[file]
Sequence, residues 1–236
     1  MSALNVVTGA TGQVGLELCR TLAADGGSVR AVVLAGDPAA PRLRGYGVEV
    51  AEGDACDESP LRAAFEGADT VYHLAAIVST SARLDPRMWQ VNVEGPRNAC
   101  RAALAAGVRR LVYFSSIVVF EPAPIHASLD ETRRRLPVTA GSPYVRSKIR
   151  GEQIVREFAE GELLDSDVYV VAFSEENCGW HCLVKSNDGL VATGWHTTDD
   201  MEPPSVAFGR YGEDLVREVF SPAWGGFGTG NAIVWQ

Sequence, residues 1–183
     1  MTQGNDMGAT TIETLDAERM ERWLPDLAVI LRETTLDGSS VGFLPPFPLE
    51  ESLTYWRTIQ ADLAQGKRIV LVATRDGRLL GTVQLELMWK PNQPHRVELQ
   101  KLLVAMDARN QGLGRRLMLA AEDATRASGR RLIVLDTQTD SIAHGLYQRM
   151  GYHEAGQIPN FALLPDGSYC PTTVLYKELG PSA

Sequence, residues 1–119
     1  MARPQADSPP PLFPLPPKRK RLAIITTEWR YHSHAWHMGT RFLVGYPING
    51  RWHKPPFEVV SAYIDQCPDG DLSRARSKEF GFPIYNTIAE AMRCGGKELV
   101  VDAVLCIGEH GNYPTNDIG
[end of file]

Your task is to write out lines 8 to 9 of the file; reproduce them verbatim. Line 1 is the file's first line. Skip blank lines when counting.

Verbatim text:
     1  MTQGNDMGAT TIETLDAERM ERWLPDLAVI LRETTLDGSS VGFLPPFPLE
    51  ESLTYWRTIQ ADLAQGKRIV LVATRDGRLL GTVQLELMWK PNQPHRVELQ